The Ustica Connection

Newsletter of the San Bartolomeo Society Apostolo of New Orleans
Issue 4 - 25 July 2002

To Ustica . . . And Beyond
By Fred Laurice

In October 1763, 100 families suddenly were moved from the island of Lipari in the Aeolian Islands north of Messina, Sicily to a tiny island 45 miles north of Palermo. Why is this important to me? My father, his father and generations before them were born on this tiny island of Ustica. But how and why did my ancestors come to relocate to that island in the first place?

About 100 years before the unification of Italy, Southern Italy and Sicily together were known as the “Kingdom of the Two Sicilies.” The king resided in Naples. Ships from Naples traded at ports throughout the Mediterranean. At the same time, a group of Barbary pirates roamed those seas. They were using Ustica as a base and attacking the king’s merchant fleet. Ustica, an uninhabited island, provided a natural harbor and ready access to the shipping routes from Naples to Palermo. In fact, pirates had used the island since the 15th century.

One way to deal with the pirates would be to populate the island, so the king sent his emissaries to find families willing to move to Ustica. They probably looked to the Aeolians because they related well to the sea, and could sustain themselves from fishing and small farms. The king’s representatives arrived on Lipari and offered land grants to families who would relocate. Surprisingly, 100 families volunteered to make the move.

They arrived on Ustica in 1761, and settled into their new life. The pirates, however, did not give up easily. Waiting for the right moment, on September 8, 1762, they slipped ashore at night and kidnapped 70 settlers whom they took to Tunisia, where they were held for 9 years! Back on Lipari, the monks wrote to their counterparts in Tunisia asking for assistance in the return of the captives. Eventually some sort of ransom was arranged and they were released.

Meanwhile, the brave little settlement on Ustica decided that the pirates were a threat they could not deal with, and they returned to Lipari. A few months later, the king ordered his emissaries back to Lipari to try and persuade them to return to Ustica. “Tell them that we have fortified the island with watch towers and cannon, and we will protect them.” To their surprise, approximately 100 families again agreed to relocate, and those 4 watch towers are still prominent features of the island.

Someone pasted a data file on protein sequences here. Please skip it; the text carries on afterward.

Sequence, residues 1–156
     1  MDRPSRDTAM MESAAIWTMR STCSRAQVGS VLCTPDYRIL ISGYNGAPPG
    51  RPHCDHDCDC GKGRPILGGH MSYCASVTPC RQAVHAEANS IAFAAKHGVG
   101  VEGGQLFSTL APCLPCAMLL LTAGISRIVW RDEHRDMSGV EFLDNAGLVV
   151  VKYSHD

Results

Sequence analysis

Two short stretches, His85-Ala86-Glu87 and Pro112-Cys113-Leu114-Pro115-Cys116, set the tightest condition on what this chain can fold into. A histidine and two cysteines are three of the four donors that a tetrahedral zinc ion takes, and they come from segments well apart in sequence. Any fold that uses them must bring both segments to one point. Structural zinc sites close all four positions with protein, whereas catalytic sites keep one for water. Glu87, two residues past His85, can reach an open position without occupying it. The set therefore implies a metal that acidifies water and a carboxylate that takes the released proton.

In October of 1763 the families arrived on Ustica for the second time. In that group of settlers were two families with the name “Lauricella” … my family name, from which my family is descended. Over the generations, those original families grew. Two, four, six generations followed, with most remaining on the tiny island. Following the unification of Italy by Garibaldi in 1860, the islanders heard that the authorities were coming to Ustica for its young men. They were raising an army for the new unified Italy. A sailing ship was hired to slip into the harbor and spirit away some of their men of military age.

On February 14, 1861, the bark Elisabetta set sail for New Orleans, Louisiana with about 28 young passengers! Meanwhile, in America, the Civil War was raging, and the North decided to blockade the Port of New Orleans. It is said that on March 7, 1861, the little ship from Ustica was the very last ship to enter the port ahead of the blockade! Those young men settled in New Orleans. Many became farmers, some became fisherman and more began to follow. By 1879, a thriving community of Usticesi lived in and around New Orleans. Today, there are thousands of Usticesi in New Orleans.

The ties are still strong between New Orleans, Ustica and Lipari and frequent reunions are held between the families to this day. This is my family’s special heritage.

This article was written for the March/April 2002 issue of “Altre Voci”, Newsletter of the Italian Cultural Society of Sacramento, California, and graciously offered for reprint by Fred Laurice.